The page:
Undocumented and precarious migrants are often excluded from the full scope of human rights, both in law and in practice, and continually struggle with access to their basic human rights. Their rights are included in various international law instruments, in particular the International Convention on the Protection of the Rights of All Migrant Workers and Members of their Families (ICRMW); the Global Compact for Safe, Orderly and Regular Migration (GCM) and the International Labor Organization’s Convention on Decent Work for Domestic Workers (ILO C-189). However, these international instruments are not yet ratified by many states hosting undocumented migrants workers. In addition, while there is a large overlap and complementarity between these instruments, they also diverge regarding the scope of certain rights, in particular labour rights.
The ‘Making-Rights Reality’ conference brings together those international law instruments with human rights activism and practice. By focusing on those instruments, that have received less-attention among scholars and governments in Europe, and by engaging with diverse users and actors in migrant human rights, this conference strives to break new ground in the possibilities for international norms and their effective protection. Though this conference is set within a law faculty and legal frameworks, we strongly endorse methodological pluralism and encourage interdisciplinary, empirically-driven, and practice-based contributions.
We particularly encourage contributions from scholars and researchers from countries which have ratified these Conventions and presentations by migrant activists and social organizations to share their experiences with human rights access and activism. The conference strives to include voices of undocumented migrants by creating inclusive spaces of share experiences, communicate demands, and ask questions from the international organizations and academics present. Throughout the conference, a ‘Global Migration Café’ will be opened where different participants can table about their initiatives or present posters about their research or initiatives. We also welcome posters in lieu of or in addition to presentations.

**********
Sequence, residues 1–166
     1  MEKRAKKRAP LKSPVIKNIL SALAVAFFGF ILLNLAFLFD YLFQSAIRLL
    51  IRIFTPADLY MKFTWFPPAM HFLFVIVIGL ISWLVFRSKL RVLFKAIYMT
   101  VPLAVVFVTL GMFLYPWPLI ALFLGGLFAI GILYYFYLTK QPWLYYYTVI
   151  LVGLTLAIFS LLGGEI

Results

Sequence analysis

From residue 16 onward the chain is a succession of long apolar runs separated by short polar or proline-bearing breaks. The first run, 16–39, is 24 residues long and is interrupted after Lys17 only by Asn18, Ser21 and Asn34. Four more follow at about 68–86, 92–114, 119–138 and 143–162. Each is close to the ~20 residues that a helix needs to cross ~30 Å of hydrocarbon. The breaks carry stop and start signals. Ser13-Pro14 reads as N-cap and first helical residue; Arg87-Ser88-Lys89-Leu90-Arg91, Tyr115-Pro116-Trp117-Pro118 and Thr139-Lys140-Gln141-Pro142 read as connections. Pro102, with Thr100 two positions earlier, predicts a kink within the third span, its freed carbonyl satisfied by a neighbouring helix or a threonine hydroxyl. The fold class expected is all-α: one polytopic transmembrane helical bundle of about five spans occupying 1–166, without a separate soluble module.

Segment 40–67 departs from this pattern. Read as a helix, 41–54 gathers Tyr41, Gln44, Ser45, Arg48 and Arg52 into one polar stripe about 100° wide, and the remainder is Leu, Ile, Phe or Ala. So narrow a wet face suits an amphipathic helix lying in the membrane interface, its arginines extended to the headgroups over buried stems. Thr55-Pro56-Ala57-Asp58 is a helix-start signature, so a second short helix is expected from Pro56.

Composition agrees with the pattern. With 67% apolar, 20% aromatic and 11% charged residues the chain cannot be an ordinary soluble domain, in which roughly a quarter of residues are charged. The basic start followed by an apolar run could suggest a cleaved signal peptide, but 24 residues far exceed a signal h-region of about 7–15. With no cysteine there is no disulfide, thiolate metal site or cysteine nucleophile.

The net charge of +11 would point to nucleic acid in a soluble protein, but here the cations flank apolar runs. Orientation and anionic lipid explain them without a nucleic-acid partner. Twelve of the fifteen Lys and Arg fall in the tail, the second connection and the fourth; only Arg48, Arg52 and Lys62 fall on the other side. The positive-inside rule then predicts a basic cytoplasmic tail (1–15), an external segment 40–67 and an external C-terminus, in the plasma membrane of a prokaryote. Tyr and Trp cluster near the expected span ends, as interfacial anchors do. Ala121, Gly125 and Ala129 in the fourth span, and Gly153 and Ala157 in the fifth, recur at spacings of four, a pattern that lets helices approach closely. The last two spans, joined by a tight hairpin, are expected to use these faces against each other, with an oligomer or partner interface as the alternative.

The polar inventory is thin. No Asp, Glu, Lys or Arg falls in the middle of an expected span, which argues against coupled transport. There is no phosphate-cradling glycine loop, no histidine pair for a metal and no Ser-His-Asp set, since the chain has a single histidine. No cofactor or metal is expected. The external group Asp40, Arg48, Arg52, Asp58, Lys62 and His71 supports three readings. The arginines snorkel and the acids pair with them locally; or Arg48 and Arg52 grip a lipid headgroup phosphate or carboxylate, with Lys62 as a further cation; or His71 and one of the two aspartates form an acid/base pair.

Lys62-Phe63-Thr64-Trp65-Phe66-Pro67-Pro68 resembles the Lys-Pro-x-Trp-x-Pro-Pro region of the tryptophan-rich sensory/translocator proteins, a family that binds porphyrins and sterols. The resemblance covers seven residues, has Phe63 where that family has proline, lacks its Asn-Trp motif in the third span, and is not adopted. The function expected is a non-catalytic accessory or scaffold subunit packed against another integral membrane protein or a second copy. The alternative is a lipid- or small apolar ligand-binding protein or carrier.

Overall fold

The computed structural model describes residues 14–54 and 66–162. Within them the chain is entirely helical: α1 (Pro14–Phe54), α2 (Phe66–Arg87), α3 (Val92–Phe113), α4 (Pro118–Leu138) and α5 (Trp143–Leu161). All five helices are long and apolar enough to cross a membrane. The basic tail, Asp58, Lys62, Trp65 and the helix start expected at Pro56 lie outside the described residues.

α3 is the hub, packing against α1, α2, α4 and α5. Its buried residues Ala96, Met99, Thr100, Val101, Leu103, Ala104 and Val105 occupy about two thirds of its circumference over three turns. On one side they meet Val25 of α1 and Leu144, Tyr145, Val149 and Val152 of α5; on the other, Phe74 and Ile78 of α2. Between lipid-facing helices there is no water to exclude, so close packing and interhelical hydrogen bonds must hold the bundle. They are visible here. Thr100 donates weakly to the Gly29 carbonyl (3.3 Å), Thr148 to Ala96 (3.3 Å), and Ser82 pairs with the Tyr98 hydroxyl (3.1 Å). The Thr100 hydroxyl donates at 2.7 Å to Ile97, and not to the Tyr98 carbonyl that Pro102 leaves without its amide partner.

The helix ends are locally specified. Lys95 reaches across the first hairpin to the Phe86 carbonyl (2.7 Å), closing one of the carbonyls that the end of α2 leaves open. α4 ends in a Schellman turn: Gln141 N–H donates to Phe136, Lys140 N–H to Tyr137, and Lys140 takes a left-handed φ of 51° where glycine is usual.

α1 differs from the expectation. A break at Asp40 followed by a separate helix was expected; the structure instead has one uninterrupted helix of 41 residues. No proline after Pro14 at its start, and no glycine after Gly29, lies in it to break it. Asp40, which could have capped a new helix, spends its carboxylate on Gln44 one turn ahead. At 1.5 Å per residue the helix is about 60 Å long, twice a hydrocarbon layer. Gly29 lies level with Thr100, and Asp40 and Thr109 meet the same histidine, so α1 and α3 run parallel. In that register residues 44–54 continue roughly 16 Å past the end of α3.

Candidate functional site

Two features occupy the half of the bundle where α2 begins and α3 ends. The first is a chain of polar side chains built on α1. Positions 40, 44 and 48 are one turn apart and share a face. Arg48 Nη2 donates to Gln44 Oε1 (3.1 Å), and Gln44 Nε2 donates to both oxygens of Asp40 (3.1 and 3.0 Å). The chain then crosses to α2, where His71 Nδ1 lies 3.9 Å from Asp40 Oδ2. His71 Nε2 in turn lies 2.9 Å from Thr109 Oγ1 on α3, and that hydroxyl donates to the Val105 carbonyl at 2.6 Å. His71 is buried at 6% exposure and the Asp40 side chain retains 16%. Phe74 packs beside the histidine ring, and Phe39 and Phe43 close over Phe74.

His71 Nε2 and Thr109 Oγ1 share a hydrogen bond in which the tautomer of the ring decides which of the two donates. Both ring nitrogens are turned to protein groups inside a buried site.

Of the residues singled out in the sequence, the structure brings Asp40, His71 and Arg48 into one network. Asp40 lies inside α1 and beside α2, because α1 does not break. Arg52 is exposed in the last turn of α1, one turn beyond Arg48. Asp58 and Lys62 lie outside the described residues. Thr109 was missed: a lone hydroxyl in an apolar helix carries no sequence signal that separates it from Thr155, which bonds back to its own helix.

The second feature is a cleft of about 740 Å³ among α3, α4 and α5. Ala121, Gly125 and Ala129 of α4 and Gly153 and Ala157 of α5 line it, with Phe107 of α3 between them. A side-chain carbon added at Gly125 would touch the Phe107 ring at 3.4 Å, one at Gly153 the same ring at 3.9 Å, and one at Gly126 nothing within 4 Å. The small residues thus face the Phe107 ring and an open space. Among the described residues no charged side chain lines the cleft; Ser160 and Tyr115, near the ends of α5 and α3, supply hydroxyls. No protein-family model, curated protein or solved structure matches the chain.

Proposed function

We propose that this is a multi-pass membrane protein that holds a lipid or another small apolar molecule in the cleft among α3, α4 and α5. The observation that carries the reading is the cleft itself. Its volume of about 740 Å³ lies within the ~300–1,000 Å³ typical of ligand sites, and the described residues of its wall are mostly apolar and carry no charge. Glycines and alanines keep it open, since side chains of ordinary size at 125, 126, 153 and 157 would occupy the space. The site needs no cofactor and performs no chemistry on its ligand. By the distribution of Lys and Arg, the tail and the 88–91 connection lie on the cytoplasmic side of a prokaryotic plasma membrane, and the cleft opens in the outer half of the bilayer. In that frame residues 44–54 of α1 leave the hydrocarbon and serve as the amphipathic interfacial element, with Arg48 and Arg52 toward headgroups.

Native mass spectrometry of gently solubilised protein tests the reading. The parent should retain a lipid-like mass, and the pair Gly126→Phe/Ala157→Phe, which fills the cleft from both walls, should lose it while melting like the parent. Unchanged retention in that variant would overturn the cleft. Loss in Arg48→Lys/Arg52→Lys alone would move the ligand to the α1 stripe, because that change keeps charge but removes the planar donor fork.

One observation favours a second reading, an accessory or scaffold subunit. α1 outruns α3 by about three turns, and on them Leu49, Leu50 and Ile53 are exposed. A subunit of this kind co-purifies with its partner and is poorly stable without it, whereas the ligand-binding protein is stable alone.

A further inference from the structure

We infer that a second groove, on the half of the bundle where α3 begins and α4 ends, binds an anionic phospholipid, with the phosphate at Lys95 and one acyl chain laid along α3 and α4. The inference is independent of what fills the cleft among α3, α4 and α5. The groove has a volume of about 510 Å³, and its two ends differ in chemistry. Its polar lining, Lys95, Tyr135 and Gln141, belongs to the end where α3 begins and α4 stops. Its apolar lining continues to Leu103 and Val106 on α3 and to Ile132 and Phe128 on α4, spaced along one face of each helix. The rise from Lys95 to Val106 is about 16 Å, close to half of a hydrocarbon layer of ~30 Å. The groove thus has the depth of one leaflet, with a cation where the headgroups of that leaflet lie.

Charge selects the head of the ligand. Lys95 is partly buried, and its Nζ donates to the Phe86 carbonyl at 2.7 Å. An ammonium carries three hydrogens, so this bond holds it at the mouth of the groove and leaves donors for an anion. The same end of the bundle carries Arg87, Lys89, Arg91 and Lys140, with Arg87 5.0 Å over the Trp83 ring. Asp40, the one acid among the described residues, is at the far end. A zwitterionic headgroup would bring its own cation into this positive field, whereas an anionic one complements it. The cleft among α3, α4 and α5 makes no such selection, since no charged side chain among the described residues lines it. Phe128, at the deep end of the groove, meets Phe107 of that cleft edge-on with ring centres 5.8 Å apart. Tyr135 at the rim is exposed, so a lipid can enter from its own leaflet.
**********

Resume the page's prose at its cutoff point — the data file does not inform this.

To stimulate these kinds of discussions, we invite individual paper abstracts, panel proposals, and posters on the following (non-exhaustive) topics and issues:
- Presentations of success and challenges from migrant human rights activism
- Regularization within human rights framework
- Labour rights as human rights
- Socio-economic rights of migrant workers
- Human rights strategic litigation
- Migrant worker rights-claiming
- Non-state actors and/or international coalitions in migrant rights-making
- Cross-fertilization of international instruments (both soft and hard law)
- The limits of human rights for migrant workers
- Trade unions and the human rights of migrant workers
- Businesses/employers and the human rights of migrant workers
- Intersectional approaches to migrant worker rights
- Local, national, or regional cases of human rights based approaches
- Human rights theory applicable to migrant workers
How to participate?
Participation is possible through submitting an individual paper abstract or a workshop proposal.
- Paper abstract (300 words max. + paper title + short bio) or
- Workshop proposal
- Workshop/Training proposal: title and short description, bios of workshop leaders or
- Academic panel proposal: title and short description, 3-4 paper abstracts, each 300 words max. with paper titles and short bios or
Participation is also possible through submitting a proposal for a:
- Poster (300 words max. brief description + poster title)
- Global Migration Café Table (title + brief description 300 words max)
Please submit your abstract or proposal to at email@example.com no later than 01 March 2024. A selection of papers will be included in an edited volume or special issue proposal. Please note in your abstract or proposal if you would prefer to present in a language other than English. By high demand we may form non-English language panels. For academic proposals, please include a description in your abstract of the social relevance of your research for undocumented migrant workers. The conference is intended to be primarily in-person, however to include participation of undocumented workers outside of the Netherlands, some sessions will be offered hybrid. Please note in your abstract or proposal if you are unable to attend in-person due to lack of migration status.
- Deadline submission for abstracts 01 March 2024
- Notification of acceptance 18 March 2024
- Registration Deadline 15 May 2024
- Deadline for papers and posters 31 May 2024
Click here to download the Call for Contribution.